Meeting halfway?

  13. Fr.Z wrote: I hate to bring this up, but there is an old adage: “Gratis asseritur, gratis negatur.”

    Nothing wrong with that point, it should have been part of the original announcement. See my

    I grant that in the video she still seems to be confused but, on the whole, I take her statements to be headed in the right direction. Pretty much.

    [Okay! I will revisit the issue and think it over. And you are the go to guy about excommunication, aren’t you! EVERYONE: Here is a link to Dr. Peters’ book on excommunication.]

    Dr. Peters

  14. Thank YOU for the always kind words. My take on her remarks aren’t deeply held; she is the product of her times when it comes to articulating things in ecclesiastically sound vocab, ie, not impressive. But she makes some seemingly genuine assertions about the negative experience of being separated from the Church, and about her membership in the rsm being at risk (which was my guess some time ago), so, there’s enuf there, I’m thinking, to support a finding of rehabilitation. Like you tho, I too VERY much think the announcement should come from the cea (competent ecclesiastical authority) and not employer.

  15. Viewing the diocesan website ( because somebody had to), there does not appear to be a statement on the matter. However, it appears that the bishop releases a regular communique around the middle of each month. One might look forward to seeing a clarification in the next week. That, or just bite the bullet and call them up. If they have a statement, they’ll probably read it to anyone who asks. If they don’t, they won’t.

  16. trad catholic mom says:

    @ trad catholic mom;

    Because the sin is hers. We should not be interested in seeing her penance, that is between she and her confessor . I am however waiting patiently to see that she has reconciled with the Church.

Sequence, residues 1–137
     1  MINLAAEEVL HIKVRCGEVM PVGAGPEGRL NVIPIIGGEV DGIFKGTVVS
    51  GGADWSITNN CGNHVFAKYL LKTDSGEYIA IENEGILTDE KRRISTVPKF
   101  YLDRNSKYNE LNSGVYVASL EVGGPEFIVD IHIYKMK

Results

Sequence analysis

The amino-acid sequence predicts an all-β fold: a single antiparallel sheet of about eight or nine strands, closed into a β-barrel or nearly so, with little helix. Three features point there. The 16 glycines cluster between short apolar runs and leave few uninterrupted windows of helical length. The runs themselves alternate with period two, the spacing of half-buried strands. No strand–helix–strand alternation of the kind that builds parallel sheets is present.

Yes, the sin is hers, but her actions have brought public scandal. How many have been led into confusion about the Churches teaching on abortion as a result of what she did? Her public repentance would at least hopefully mitigate some of that.

  17. Nicole says:

    Funny enough, I asked someone on this…and was given the answer that since the diocese (by the authority of the Bishop) was only confirming that Sr. McBride had incurred the penalty of a latae sententiae excommunication, and not laying a sentence on her as the conclusion of a singular judgment of her Bishop, that her rehabilitation and reconciliation was a matter of the tribunal of the confessional…and therefore would be bound by the seal of the confessional. Sr. McBride could then speak of the result of the lifting of the excommunication, but her confessor could not.

    I was also told that she was likely anathema due to heresy already…as well as likely unrepentant of such, so lifting an excommunication for the abortion would not have an effect on her eternal status with God and the Church.

    A lot of food for thought…

  18. Mrs. O says:

    Doesn’t this all stem from the ‘automatic’ excommunication? All that is required is confession to lift this, unless I have missed something. I’m also guessing you take her word for it because you can’t very well drill the priest/confessor! I also think this is why many do not like the ‘automatic’ excommunication as a penalty for some things.